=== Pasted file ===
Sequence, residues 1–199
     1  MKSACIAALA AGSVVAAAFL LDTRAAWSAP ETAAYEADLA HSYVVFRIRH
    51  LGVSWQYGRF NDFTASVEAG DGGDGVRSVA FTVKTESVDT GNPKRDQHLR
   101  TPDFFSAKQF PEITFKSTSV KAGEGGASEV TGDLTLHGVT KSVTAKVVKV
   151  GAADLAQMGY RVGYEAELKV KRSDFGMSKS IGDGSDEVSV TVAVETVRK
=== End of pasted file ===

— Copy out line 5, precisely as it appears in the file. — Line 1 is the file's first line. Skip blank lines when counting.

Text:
   151  GAADLAQMGY RVGYEAELKV KRSDFGMSKS IGDGSDEVSV TVAVETVRK